Over the course of our history, the idea of a ninja has been highly popularized in media as a ninja-star throwing, black-cloaked assassin with acrobatic abilities incomparable to most fighters. The hype around the ninja has made many forget that ninjutsu – the art of combat that is practiced by ninja – runs deeper than simply.

Early Beginnings of Ninja Ninjutsu

ninja ninjutsu

Mention of the word ninjutsu or shinobi go as far back as the Genpei War (1180 to 1185), where it was noted that the 14th century samurai named Kusunoki Masashige was recorded to have used ninjutsu. The term shinobi referred to assassins and spies hired by the lords (also known as daimyos) to carry out operations that most samurai were forbidden to do. They were expected to carry out their missions with deception and stealth, killing targets with a level of espionage.

It was also believed that during the time when many immigrants from China made their way into Japan, Chinese martial art of Kenpo had blended with the various techniques prevalent at the time. As some of these immigrants – warrior monks and military personnel – settled into the mountains of the country, they came across hermits that resided deep inside. During their stay, they discovered these hermits had developed the early beginnings of the ninja persona and techniques. Disconnected from the rest of society, the relationships built between the hermits and the settlers would eventually result in the employment and development of the mysterious ninja assassin.

Disciplines of Ninjutsu

ninja ninjutsu

Out of this political turmoil of feudal Japan, the martial art of ninjutsu was created for the sake of ensuring survival. Ninjutsu focused on teaching techniques of misdirection, avoidance, and non-detection. Those studying ninjutsu trained in a plethora of areas such as archery, disguise, concealment, medicine, and free running. The following are a few of the disciplines to become a highly effective, deadly ninja:

  • Seishin Teki Kyoyo (Spiritual Refinement) – Like many martial arts, the Togakure Ninja placed great importance on developing the inner self. Obtaining deep knowledge about your strengths and weaknesses provided a ninja a form of personal power that no form of physical training could compare to. For this reason, many Togakure ninjas had delved into a level of philosophy, refining their perspective toward life.
  • Tai Jutsu (Unarmed Combat) – Many ninjas may be skilled in armed combat, but to be a proficient fighter, they also learn moves in striking, blocking, grappling, and chokeholds – everything related to unarmed combat. This way, they are capable of fending off enemies, even without a weapon.
  • Ninja Ken (Ninja Sword) – Since ninjas primary tool for fighting was single-edged sword, the ninja were taught techniques on fencing and fast draw. The former referred to sword techniques that allowed practitioners to deal with other armed attackers, while the ladder focused more on the act of drawing and slicing.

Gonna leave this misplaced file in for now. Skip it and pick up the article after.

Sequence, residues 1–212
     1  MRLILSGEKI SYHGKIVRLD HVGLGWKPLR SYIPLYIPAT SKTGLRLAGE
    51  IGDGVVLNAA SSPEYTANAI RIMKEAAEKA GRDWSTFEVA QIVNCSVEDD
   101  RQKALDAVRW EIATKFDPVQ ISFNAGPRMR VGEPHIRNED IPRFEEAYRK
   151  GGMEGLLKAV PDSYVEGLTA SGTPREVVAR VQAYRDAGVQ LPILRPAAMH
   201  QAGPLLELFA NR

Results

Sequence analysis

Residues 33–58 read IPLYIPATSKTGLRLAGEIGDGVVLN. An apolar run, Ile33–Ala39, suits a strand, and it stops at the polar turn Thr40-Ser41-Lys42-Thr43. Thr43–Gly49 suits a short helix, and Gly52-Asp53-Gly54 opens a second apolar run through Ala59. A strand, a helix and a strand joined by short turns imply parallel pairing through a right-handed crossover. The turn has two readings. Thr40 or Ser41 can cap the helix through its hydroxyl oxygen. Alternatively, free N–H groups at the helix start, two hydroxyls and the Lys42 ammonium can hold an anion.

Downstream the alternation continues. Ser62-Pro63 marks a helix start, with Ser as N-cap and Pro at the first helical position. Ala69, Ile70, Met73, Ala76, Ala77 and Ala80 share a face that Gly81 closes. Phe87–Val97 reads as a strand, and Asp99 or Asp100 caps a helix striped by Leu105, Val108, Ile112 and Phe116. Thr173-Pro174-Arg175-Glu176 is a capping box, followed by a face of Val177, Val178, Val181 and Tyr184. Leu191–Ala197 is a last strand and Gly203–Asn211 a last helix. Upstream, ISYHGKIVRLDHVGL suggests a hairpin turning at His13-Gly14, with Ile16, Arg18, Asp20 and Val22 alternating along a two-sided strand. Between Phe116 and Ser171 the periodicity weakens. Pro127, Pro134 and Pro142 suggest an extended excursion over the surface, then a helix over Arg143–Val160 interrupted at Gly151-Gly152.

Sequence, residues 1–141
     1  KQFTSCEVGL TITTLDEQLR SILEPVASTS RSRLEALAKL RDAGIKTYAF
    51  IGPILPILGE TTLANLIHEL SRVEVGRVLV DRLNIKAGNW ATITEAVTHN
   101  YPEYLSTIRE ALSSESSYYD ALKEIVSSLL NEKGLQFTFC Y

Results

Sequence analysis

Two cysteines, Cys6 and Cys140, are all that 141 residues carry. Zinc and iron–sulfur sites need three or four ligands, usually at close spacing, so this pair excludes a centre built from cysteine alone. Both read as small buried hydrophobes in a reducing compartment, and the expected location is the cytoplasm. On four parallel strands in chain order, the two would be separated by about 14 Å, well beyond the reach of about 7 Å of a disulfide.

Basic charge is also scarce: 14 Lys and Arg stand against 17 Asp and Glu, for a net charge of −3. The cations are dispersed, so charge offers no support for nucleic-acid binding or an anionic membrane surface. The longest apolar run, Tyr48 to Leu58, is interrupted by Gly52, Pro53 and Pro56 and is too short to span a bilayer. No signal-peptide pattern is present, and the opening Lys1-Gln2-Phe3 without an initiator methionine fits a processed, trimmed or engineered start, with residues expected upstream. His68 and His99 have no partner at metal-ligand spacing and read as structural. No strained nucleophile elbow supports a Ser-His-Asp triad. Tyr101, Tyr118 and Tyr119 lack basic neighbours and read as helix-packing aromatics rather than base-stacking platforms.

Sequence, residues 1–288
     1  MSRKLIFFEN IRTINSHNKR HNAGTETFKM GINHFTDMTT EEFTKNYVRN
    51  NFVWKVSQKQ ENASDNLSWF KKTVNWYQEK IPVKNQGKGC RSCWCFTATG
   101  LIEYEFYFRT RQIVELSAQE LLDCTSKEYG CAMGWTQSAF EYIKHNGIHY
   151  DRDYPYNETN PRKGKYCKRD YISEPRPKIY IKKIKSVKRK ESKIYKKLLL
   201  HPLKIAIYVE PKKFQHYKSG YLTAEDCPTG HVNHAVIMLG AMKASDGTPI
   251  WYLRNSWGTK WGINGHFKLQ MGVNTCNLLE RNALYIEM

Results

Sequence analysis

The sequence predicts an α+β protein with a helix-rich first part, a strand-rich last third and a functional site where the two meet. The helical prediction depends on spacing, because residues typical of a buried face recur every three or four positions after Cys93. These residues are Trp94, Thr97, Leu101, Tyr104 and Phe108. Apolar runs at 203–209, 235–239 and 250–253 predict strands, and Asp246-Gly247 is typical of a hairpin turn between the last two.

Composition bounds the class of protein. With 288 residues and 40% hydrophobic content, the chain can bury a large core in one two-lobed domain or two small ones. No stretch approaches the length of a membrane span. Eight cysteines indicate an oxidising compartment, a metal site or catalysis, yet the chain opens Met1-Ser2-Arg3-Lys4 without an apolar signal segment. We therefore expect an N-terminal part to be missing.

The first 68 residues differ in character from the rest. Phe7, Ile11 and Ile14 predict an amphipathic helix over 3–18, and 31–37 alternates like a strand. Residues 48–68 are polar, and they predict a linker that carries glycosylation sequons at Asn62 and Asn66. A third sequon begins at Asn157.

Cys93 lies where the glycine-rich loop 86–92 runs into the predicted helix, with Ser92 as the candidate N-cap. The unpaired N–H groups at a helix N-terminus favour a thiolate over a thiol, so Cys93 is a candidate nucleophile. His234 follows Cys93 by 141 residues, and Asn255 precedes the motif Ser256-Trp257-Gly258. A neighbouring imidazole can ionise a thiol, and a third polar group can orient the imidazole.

• Bo-Jutsu (Stick and Staff Fighting)  Along with the samurai, ninjas trained in bo-jutsu, the Japanese art of stick fighting. Proficient in both the long and half-staff, ninjas were also equipped with concealed blades that appeared like walking sticks (also known as ninja canes).
  • Shuriken-Jutsu (Throwing Blades) – More famously known in mainstream media as a ninja weapon, the shuriken was a four-point throwing star that many ninjas learned to use, as they were deadly, stealthy weapons for assassinating their opponents. Carried in their pockets, the ninjas would learn how to properly throw these flat stars to effectively pierce their targets.
  • Yari-Jutsu (Spear Fighting) – On top of knowing how to yield a staff, ninjas were also trained in spear fighting. The Togakure Ryu Ninja were specifically taught how to yield a unique type of Kami-Yari (sickle lance) – a spear with a hook at the base. Considering this was over nine feet long (3 feet longer than a long staff), it was not something that could be thrown at their opponent, but proper understanding on how to effectively swing, stab, and use was needed.
  • Kayaku-Jutsu (Fire and Explosives) – Since some targets were harder to assassinate than others, ninjas would be faced with situations where they were unable to directly encounter these individuals. For this reason, they also gained expertise in explosives. This knowledge also was useful in distracting the enemy, since smoke bombs were highly effective in escaping from a scene or clouding opponents field of view.
  • Henso-Jutsu (Disguise and Impersonation) – One of the more important elements of being a ninja was the art of disguise. To truly be a great assassin and eliminate their target without suspicion, ninjas trained in impersonation, learning how to develop and adopt personality characteristics, body language, etc. This involved a level of psychological awareness, since many ninjas required to transform into a completely different person.
  • Shinobi-Iri (Stealth and Entering Methods) – A prominent feat and skill that ninjas had come to be known for were their abilities to stealthily break in and enter to highly guarded locations without being noticed. They learned the art of silent movement, becoming experts at gliding through the floor without being heard.
  • Inton-Jutsu (Escape and Concealment) – Along with knowing how to enter any location virtually undetected, ninjas also were famous for being able to escape without much difficulty. They learned how to use their environment to disappear as if never there in the first place.
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